It is often said that “what gets measured gets done”. And getting things done, through people, is what management is all about.
Measuring things that get done and the results of this effort is an essential part of successful management, but too much emphasis on measurements, or the wrong measurements may not be in your company’s best interests.
Key Performance Indicators (KPI’s) are an important management tool to measure business performance, and are often used to measure maintenance.
Unfortunately, unlike operations, there are few “hard” measures of maintenance output and the measurements that are used are often easy to manipulate.
Maintenance KPI’s must be integrated with operating KPI’s and must be “balanced”, and there are three other key criteria that should be considered when deciding what aspects of maintenance to measure:
- The KPI’s should encourage the right behavior
- They should be difficult to manipulate to “look good”
- They should not require a lot of effort to measure
Some measurements may encourage people to do things that you do not want. A common measurement is “adherence to weekly work schedule” for non-shutdown maintenance work. It’s easy to achieve a high adherence to schedule by scheduling less work, through over-estimating work orders.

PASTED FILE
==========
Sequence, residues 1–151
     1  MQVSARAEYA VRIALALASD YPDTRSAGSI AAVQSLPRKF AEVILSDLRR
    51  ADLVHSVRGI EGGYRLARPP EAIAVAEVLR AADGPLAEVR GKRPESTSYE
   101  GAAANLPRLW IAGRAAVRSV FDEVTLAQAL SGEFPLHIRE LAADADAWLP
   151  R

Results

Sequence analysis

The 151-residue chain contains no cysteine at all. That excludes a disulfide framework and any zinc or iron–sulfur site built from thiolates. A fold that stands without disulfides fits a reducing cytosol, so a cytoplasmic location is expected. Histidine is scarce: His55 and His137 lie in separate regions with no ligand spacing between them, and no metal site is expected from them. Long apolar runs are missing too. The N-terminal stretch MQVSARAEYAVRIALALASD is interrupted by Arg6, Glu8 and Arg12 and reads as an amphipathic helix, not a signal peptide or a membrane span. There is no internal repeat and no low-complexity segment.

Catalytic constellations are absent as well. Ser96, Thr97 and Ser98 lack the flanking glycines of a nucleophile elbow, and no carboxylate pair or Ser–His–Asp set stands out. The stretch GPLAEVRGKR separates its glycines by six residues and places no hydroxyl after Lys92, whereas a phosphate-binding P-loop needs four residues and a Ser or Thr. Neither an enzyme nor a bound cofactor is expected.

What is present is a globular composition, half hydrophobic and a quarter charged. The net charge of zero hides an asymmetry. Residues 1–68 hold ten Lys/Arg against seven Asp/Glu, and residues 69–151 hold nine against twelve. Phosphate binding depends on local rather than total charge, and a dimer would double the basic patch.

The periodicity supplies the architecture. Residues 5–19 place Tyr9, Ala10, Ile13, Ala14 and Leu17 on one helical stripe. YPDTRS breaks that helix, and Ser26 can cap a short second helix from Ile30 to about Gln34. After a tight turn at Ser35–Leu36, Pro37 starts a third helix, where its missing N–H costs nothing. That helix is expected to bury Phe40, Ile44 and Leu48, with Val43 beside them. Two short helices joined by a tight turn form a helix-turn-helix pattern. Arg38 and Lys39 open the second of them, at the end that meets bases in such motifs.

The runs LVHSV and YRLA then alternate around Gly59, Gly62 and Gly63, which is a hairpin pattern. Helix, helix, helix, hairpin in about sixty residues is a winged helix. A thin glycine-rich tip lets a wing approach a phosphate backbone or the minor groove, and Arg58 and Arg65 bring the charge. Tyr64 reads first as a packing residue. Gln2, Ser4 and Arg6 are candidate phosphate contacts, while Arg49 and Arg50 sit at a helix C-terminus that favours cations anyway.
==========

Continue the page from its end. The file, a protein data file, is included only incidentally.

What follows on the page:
However, what’s really wanted is higher productivity, which can often be achieved by challenging people through scheduling more work. So the wrong measurement may work against you.
Like “adherence to schedule”, other common measurements are easy to manipulate. Some examples are percent of time spent on Preventive Maintenance (PM) work, percent of re-work, percent emergency work and percent “break-in” work.
Look for KPI’s which are truly relevant and satisfy the three criteria listed above. A good example comes from a plant trying to improve shutdown planning, where a new target of completing all planning two weeks in advance of a shutdown has been set.
Because all shutdown work orders have a shutdown code, a simple report from the CMMS listing all purchase requisitions against work orders for a specific shutdown that were originated less than two weeks in advance will give a very useful measure.
It supports the right behavior, is unlikely to be manipulated (and if it is it should be obvious) and is easy to measure (the CMMS does all the work). It will also provide information on where to take action and where to recognize good planning efforts.
Innovative KPI’s such as the above example may be of greatest value when measuring the success of efforts to change practices, and may be discontinued when the new practices become a habit.